Parachute is an app, specifically directed towards women. It's a get home safe app, designed to help women feel safe and comfortable traveling alone whether it's after dark or in a new environment.

My Roles Included;

  • Research

  • User Research 

  • Idea Generation 

  • Brand & Identity 

  • Lo-Fi Sketches

  • Wireframes

  • Visual Design (UI)

The Problem

“Get home safe” “Text me when you get home“ “Don’t be walking alone this late at night”.

For decades women have carried pepper spray in their handbags and put keys in-between their fingers in a car park at night. I thought to myself there must be some sort of way to combat this digitally.

Most women at some stage in their life will feel uncomfortable walking home alone at night-time. Particularly in a new city, learning new routes and meeting new people. How might I help make women feel more comfortable walking at night-time, whether it be in their home city or a brand new environment?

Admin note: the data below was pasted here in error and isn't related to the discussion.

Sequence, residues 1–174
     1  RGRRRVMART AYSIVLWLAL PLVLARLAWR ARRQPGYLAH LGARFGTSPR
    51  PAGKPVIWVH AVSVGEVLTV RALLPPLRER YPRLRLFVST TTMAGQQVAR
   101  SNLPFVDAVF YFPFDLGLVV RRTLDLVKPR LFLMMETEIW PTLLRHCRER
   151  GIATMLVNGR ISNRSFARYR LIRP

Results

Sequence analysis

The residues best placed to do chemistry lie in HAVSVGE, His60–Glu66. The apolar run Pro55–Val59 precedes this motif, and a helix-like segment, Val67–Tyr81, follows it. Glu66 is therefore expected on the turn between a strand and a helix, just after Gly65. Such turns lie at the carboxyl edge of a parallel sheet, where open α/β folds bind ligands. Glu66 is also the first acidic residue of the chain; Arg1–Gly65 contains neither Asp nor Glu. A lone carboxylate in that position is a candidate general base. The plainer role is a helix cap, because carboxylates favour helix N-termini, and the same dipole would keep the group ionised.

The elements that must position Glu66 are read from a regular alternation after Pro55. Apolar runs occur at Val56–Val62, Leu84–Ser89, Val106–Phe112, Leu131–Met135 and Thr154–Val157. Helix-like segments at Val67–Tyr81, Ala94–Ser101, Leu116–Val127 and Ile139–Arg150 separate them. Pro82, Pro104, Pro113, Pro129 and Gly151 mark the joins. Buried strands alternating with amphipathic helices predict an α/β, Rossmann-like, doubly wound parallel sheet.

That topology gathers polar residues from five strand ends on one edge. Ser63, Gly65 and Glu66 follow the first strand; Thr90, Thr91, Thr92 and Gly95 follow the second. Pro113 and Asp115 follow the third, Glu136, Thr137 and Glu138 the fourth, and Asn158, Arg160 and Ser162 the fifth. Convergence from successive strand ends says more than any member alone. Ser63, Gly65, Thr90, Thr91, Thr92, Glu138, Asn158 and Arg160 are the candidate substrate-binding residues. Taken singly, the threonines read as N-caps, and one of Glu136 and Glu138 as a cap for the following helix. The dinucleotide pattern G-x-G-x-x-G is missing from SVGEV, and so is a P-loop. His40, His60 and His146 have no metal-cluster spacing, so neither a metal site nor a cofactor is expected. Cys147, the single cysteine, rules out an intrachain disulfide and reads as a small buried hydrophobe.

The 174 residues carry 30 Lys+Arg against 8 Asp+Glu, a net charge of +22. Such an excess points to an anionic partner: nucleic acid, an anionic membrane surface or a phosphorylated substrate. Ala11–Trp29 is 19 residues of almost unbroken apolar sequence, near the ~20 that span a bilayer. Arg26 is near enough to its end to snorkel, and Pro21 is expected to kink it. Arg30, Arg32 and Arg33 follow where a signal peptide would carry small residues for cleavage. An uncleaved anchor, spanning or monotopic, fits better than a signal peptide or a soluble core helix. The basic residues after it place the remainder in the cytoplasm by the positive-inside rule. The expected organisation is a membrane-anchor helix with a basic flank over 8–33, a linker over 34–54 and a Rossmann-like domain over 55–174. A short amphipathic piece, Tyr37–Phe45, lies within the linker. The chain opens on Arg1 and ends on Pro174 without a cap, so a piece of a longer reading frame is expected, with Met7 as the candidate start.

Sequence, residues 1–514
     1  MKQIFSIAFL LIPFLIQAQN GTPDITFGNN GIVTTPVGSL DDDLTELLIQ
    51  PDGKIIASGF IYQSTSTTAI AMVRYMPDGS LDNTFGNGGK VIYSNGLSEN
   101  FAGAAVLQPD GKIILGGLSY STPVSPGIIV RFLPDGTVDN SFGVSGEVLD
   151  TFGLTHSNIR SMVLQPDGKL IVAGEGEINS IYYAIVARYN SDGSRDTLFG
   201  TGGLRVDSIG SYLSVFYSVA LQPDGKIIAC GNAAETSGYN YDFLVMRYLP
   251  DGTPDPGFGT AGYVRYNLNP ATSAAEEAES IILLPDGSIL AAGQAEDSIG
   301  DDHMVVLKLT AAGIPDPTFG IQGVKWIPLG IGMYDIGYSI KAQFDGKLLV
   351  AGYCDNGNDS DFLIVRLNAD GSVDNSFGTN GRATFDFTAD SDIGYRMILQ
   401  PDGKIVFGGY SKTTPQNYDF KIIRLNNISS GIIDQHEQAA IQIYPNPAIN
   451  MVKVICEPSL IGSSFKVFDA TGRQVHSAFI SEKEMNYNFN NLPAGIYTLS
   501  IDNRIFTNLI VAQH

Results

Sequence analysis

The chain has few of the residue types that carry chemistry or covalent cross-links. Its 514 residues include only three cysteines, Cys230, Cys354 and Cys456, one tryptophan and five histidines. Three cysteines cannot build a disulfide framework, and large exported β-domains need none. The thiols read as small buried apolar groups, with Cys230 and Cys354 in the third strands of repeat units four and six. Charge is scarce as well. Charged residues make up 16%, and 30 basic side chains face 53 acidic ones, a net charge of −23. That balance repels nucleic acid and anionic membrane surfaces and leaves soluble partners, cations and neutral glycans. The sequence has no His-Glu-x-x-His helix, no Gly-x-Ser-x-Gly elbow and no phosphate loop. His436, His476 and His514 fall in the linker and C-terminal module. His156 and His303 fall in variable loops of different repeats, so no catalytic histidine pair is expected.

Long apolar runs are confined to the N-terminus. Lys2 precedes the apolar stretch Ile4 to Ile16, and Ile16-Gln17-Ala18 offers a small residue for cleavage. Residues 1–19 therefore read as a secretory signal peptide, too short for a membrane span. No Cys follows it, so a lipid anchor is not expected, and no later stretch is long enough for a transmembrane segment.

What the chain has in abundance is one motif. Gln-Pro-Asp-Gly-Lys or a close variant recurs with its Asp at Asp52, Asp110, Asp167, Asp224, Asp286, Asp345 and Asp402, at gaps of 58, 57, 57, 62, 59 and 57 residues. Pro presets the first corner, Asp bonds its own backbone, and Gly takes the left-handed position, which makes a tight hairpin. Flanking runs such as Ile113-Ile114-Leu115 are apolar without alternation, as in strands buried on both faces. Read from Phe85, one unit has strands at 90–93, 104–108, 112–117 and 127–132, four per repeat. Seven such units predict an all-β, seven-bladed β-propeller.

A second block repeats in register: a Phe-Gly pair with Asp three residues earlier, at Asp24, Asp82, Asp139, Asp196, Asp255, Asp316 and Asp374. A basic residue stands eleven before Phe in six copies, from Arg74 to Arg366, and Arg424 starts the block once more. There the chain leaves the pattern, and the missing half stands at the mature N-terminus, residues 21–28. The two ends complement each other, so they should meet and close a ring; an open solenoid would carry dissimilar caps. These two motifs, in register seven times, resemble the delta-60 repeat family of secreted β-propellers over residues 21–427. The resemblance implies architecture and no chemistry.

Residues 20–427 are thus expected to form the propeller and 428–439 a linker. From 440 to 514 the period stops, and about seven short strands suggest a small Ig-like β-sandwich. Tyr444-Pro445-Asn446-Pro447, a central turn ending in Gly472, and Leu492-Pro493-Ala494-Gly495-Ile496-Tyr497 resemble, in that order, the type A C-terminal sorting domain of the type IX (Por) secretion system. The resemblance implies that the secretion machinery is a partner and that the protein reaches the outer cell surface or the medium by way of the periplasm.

The Idea

Typing a route into Google Maps gives us the quickest route, not neccessarily the safest. What if there was a “night mode” version of Google Maps which took into account street lamps, businesses/population on the street, whether there was CCTV etc. Users could also rate a street. If they felt excellent, good, OK, bad, awful etc.  

 

Another aspect I would like to add to the app is a buddy system. The user could select 3-6 trusted contacts entrusting them with their location and sending alerts (when required).

 

The idea would be to make users feel more safe while travelling by themselves. they would easily be able to let a close friend or family member be aware of their whereabouts.

 

It would make users feel less anxious and unsafe while walking at home on their own and would also allow parents and partners to feel more secure know their loved ones are safe.

User Research